A squandered year

As the ash settled in New York and Washington, many Americans took comfort in the idea some good would come out of the horror. President George W. Bush put it well in his State of the Union speech: “This time of adversity offers a unique moment of opportunity – a moment we must seize to change our culture Ö and lead the world toward the values that will bring lasting peace.” In the face of terror, many hoped the United States would emerge as a stronger nation. It would embrace its rightful role as a global leader for freedom and democracy, ensuring security in the process. We would trump evil with greater good.

The year after the attacks has indeed revealed some of the best in this country. Police and firefighters performed courageously. Volunteerism rates increased.Our armed services proved capable. Many declared a “new unity” among Americans.

Despite the attacks’ gravity and profound weight on the national conscience, the United States has not made many of the policy changes vital to reducing terrorism in the long term. Although the United States rallied to defeat the Taliban, the “war on terrorism,” to this point, has generally failed in three critical and connected areas. We did not find the political will to reduce our dependence on Middle Eastern oil. We were inconsistent in our support for democracy abroad. We did not articulate to the world what we valued. As we reflect today on the past year’s events, an important question emerges: For all the heroism of Sept. 11, where was our political courage?

To be sure, U.S. policies did not create terrorism. However, a revised strategy would greatly help combat it.

Regarding energy policy, Sept. 11 was not the catalyst for reform that many had hoped for. Instead, neither plan offered in Congress promises to produce much new domestic fuel or to conserve a significant amount of existing resources. Congress voted down a proposal to toughen mileage standards and the Senate did not pass a plan to drill in northern Alaska. Such inaction leads us into dangerous relationships with repressive regimes that have produced terrorists.

During the energy debate, the question was posed: Can we afford to reduce our dependence on Middle Eastern oil? Amid security concerns, the question should be rephrased: Can we afford not to?

In Saudi Arabia, there are few political freedoms. However, the ruling family is able to stay in power because of a deal with the country’s fundamentalist clerics. The clerics support the family, giving it legitimacy. And in turn, they receive oil money and are allowed to teach a curriculum based on intolerance and anti-Americanism. In this system, many students do not learn critical thought. To an extent, it is intellectual rigidity, coupled with political repression and grim economic prospects, which has created a culture capable of producing suicide bombers. Of the 15 hijackers, 19 were Saudi nationals.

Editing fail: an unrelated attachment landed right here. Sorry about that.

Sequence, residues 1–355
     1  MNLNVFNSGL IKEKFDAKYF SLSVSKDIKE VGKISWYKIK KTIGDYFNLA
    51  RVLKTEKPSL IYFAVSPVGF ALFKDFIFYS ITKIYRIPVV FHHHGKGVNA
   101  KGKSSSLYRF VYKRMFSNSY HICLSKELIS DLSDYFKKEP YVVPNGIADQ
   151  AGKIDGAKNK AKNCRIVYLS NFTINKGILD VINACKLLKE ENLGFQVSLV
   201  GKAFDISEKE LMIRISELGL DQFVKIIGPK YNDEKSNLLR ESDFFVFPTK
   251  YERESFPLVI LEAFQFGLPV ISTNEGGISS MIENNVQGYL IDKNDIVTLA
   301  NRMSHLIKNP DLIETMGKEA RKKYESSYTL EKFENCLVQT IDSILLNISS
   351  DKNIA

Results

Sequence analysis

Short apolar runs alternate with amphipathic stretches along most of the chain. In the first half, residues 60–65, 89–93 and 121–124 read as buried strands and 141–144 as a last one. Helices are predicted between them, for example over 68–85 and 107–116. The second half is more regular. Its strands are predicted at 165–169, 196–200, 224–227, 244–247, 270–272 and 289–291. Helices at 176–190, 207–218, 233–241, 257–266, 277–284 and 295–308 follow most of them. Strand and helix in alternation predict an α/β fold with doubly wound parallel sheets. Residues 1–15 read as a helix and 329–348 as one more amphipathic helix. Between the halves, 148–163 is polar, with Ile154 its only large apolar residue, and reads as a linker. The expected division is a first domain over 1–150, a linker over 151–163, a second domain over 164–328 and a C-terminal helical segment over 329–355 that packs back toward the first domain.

Reducing our dependence on oil would effectively strip many corrupt Arab regimes of their political leverage in the international arena, giving us the ability to demand greater political freedoms. In much of the region, dissent is not tolerated and the press is largely state-run. Lacking democratic institutions, frustrated youths express their discontent through religious fundamentalism. When it comes to challenging political repression abroad, however, the U.S. policy has been inconsistent. In late July, a leading Egyptian critic was imprisoned for promoting democracy. In response, the United States said it was merely “disappointed” and offered no immediate sanction. Then, a month later, Bush dismissed Pakistani President Pervez Musharaff’s suspension of the Pakistani constitution. “Musharaff is still tight with us in the war against terror, and that’s what I appreciate,” Bush said. Certainly, Egypt and Pakistan are important allies in the war on terror. However, we overlook authoritarianism at great cost.

Additionally, the United States has not engaged in the fight for global public opinion. Bush had it right when he said “this will be a different kind of war.” Indeed, in this war, information and public relations are as important as tanks and bombers.

Fundamentally, the United States has a good message. For many, it is a beacon of wealth, freedom and opportunity. Unfortunately, that message is too often hidden behind a foreign face of materialism and support for tyrannical leaders. We must clarify our message and speak it loudly.

For its part, the Arab world must look inward. In a globalized world, many Arab states will continue to have difficulty succeeding if they do not reform. Critics, particularly in the mosques, must speak out against a system which keeps their society from reaching its potential.

Today, our nation is considering whether to make a pre-emptive strike on Iraq. No one disagrees with the statement that Saddam Hussein is a dangerous man – a person whom the world would be better without. Still, he has not been directly linked to the terrorists who savagely attacked one year ago. Taking out Hussein, or Osama bin Laden for that matter, would not stop terrorism. While they may be more tangible targets, their deaths would not address the fundamental problem. Terrorism must be defeated at its source. Only then can we help create a safer, more prosperous and more democratic world. As Bush’s rhetoric has charged, we must embrace a new “culture of responsibility.” We neglect that responsibility at our peril.